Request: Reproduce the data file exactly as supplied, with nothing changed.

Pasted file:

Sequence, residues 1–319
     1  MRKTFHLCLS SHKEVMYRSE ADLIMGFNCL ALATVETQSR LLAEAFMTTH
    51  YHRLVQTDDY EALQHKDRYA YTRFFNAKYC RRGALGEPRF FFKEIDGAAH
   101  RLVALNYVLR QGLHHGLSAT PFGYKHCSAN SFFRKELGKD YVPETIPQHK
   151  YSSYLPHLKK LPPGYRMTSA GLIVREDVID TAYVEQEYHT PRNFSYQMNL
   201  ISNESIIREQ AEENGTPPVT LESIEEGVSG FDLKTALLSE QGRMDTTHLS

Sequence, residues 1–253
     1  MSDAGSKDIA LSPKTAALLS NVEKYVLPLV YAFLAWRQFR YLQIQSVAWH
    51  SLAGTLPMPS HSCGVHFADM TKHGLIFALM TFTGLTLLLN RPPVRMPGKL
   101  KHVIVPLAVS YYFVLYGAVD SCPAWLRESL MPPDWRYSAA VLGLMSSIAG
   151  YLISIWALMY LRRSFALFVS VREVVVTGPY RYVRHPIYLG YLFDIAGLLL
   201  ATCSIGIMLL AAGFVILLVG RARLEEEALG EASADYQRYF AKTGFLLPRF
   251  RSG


Sequence, residues 1–319
     1  MRKTFHLCLS SHKEVMYRSE ADLIMGFNCL ALATVETQSR LLAEAFMTTH
    51  YHRLVQTDDY EALQHKDRYA YTRFFNAKYC RRGALGEPRF FFKEIDGAAH
   101  RLVALNYVLR QGLHHGLSAT PFGYKHCSAN SFFRKELGKD YVPETIPQHK
   151  YSSYLPHLKK LPPGYRMTSA GLIVREDVID TAYVEQEYHT PRNFSYQMNL
   201  ISNESIIREQ AEENGTPPVT LESIEEGVSG FDLKTALLSE QGRMDTTHLS

Sequence, residues 1–253
     1  MSDAGSKDIA LSPKTAALLS NVEKYVLPLV YAFLAWRQFR YLQIQSVAWH
    51  SLAGTLPMPS HSCGVHFADM TKHGLIFALM TFTGLTLLLN RPPVRMPGKL
   101  KHVIVPLAVS YYFVLYGAVD SCPAWLRESL MPPDWRYSAA VLGLMSSIAG
   151  YLISIWALMY LRRSFALFVS VREVVVTGPY RYVRHPIYLG YLFDIAGLLL
   201  ATCSIGIMLL AAGFVILLVG RARLEEEALG EASADYQRYF AKTGFLLPRF
   251  RSG